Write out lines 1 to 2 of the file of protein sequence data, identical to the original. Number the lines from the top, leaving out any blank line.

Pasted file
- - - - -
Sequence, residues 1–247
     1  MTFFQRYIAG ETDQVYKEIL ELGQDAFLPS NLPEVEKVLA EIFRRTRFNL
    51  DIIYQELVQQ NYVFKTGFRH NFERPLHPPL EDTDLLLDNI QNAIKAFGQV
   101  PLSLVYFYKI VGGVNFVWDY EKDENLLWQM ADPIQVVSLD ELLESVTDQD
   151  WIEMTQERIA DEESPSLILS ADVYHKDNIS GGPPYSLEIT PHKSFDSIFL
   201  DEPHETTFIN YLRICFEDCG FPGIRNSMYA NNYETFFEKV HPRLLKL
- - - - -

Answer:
Sequence, residues 1–247
     1  MTFFQRYIAG ETDQVYKEIL ELGQDAFLPS NLPEVEKVLA EIFRRTRFNL